By Lauren Zaepfel
National Fuel has confirmed a public information forum will be held at the Wheatfield Community Center from 6-9 p.m. Wednesday, Jan. 13, on its proposed dehydration facility set to be installed near Liberty Drive in Wheatfield.
The facility is part of the Northern Access Pipeline Project that stretches from Pennsylvania through the New York state line and then on to Canada.
According to the FASTFACTS: Northern access 2016 Project, the purpose of the pipeline is to transport "domestically produced shale gas to ensure reliable, cost-efficient natural gas service for customers throughout the North American pipeline system." The proposed dehydration facility in Wheatfield will remove humidity from the natural gas.
Town of Wheatfield Councilman Larry L. Helwig said residents "have concerns about the emissions from the glycol dehydration facility, and the health effects of these emissions and pollution given off."
"We want an opportunity to voice our concerns and meet with National Fuel to get our questions answered and hear facts," said Jennifer Wozniak, a Wheatfield resident and member of the Wheatfield Action Team. She helped organize a rally Wednesday night.
Assemblyman John D. Ceretto has launched an online petition residents can sign to encourage the federal government to relocate the dehydration facility.
"How do you say you're for or against something when you don't have the answers?" he asked.
"We just want to have a voice about this project and we don't think it is in our best interest to place this dehydrator facility near a residential area (with) over approximately 3,000 men, women and children," Wozniak said.
Residents continue to voice concerns about chemicals and pollution they believe will come from the dehydration facility, fearing it will cause health problems and safety hazards to those living nearby.
A flier promoting the rally stated, "The glycol dehydrator removes vapor from fracked gas coming in from the Marcellus Well in Pennsylvania.
"The vapors are considered carcinogenic and contribute to smog and air pollution. There is also risk of noise pollution and explosions."
"Health and safety is my No. 1 priority. I will do my best to ensure that they (residents) are taken care of," Ceretto said. "If you're not secure in your home or your family's not secure, you have nothing."
"Much of the information that is being discussed is not accurate," National Fuel spokesperson Karen Merkel said. "What we're finding is people are using Google and YouTube and they're finding facilities that are not what our facility is going to be."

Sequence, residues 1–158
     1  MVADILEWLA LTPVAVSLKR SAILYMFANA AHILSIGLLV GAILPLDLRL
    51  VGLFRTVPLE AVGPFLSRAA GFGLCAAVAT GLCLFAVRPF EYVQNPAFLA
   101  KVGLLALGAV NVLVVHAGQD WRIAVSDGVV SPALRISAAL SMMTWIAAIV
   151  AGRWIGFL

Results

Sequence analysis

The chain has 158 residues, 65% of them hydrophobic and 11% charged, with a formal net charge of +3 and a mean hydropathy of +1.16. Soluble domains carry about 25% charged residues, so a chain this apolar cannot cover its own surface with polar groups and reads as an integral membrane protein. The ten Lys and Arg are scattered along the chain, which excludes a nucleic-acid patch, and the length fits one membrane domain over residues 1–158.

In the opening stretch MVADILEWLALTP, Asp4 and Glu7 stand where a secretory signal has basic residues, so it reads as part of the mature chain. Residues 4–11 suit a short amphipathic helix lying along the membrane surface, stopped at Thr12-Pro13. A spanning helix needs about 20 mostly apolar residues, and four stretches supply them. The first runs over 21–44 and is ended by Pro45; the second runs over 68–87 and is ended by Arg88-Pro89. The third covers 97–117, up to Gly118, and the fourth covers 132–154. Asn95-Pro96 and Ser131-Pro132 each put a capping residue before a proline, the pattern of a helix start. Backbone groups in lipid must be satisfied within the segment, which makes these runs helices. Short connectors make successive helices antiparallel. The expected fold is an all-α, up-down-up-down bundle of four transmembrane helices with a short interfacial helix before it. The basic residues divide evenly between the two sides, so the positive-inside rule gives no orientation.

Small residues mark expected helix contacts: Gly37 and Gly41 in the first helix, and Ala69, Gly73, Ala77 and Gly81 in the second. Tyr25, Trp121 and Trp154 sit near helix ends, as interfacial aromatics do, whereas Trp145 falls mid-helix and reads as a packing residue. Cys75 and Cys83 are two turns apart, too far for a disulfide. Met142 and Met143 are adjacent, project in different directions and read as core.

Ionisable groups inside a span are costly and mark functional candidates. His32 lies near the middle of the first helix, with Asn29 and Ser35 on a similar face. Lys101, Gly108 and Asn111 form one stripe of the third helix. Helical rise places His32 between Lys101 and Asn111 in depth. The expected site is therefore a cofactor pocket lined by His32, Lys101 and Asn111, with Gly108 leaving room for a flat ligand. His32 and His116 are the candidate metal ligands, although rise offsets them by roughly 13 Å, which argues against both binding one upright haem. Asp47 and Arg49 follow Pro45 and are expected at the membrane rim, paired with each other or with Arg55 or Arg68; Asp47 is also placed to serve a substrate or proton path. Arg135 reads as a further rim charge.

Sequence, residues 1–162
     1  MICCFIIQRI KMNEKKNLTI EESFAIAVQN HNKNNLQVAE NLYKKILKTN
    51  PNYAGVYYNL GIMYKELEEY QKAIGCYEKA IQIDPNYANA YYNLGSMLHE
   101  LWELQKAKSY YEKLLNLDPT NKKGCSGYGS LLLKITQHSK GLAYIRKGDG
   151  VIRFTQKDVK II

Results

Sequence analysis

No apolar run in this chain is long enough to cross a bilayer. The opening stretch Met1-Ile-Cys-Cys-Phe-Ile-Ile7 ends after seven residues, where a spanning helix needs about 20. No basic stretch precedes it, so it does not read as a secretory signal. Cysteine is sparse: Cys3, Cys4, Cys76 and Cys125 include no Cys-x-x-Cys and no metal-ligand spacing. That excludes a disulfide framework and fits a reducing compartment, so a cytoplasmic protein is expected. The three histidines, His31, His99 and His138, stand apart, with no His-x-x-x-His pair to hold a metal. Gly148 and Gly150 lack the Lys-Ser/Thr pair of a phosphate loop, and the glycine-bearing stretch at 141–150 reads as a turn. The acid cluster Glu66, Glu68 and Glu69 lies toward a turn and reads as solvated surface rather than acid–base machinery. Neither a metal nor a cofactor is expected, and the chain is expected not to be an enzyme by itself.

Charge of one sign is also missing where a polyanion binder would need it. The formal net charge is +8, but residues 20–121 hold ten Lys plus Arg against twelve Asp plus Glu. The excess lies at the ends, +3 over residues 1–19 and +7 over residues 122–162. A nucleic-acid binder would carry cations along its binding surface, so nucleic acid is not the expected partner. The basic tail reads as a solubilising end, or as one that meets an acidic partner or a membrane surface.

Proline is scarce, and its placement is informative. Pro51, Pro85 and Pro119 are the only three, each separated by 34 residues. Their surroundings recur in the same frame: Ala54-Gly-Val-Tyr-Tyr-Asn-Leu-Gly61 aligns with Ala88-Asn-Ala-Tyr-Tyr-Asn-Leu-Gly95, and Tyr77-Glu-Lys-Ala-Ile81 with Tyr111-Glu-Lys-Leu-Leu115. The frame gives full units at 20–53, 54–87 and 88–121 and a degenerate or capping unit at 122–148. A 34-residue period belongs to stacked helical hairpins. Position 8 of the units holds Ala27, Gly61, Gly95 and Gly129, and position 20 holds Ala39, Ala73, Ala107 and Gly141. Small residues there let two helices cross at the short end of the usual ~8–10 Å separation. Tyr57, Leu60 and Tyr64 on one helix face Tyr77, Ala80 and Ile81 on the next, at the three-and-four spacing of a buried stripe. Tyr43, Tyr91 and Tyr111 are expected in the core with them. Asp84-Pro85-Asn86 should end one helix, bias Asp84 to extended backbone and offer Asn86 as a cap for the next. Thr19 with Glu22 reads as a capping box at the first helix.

She added, "As part of the air permit application process, the New York State Department of Environmental Conservation will evaluate facility emissions and ambient air quality impacts to ensure that the proposed facility complies with all applicable air quality regulations and does not have an adverse impact on human health or the environment."
Mike Alianello, a Wheatfield resident and member of the Wheatfield Action Team, said he only found out about the dehydration facility last week. He said it was to be installed just a little over 200 feet outside his back door.
His residence on Lancelot Drive "is a place I want to make my dream house. ... I had it set up for relaxing," he said. "How am I going to relax with benzene and toluene and all those chemicals dropping down on us and the noise of this thing running?"
Merkel said, as a FERC-regulated facility, the dehydrator will be held to a specific noise requirement. "Area residents living more than a half-mile from the site will not have any perceptible increase in noise - they will not hear it - nor feel any vibration," she said.
She added, "With decades of experience in the design and operation of more than 30 dehydration facilities across New York and Pennsylvania, National Fuel has not experienced a catastrophic incident."
Wozniak said the first time many residents heard about the proposed dehydration station was at an informational meeting held Dec. 5. The gathering was put on with the help of some residents and town officials.
"We were not properly notified by National Fuel or our board, who knew about this project since March 2015 when National Fuel submitted their application. Other areas were given meetings and information, but residents near Liberty Drive were not," Wozniak said.
"We've been talking about this project since August 2014. It's been in the media since August 2014. Niagara County elected officials were made aware back then," Merkel said.
Town of Wheatfield Supervisor Robert B. Cliffe sent a letter to FERC Sunday asking for an extension to the public comment period to allow time for residents to express concerns and obtain answers to their questions.
National Fuel confirmed the public information forum today. Doors will open at 6 p.m. "to allow for one-on-one conversations with National Fuel representatives responsible for the dehydration facility's design, safety and operations, as well as environmental consultants well-versed in air permitting and emissions standards," Merkel said.
A presentation on the project, as well as an overview of the dehydration facility, will begin at 7 p.m., followed by a Q&A period.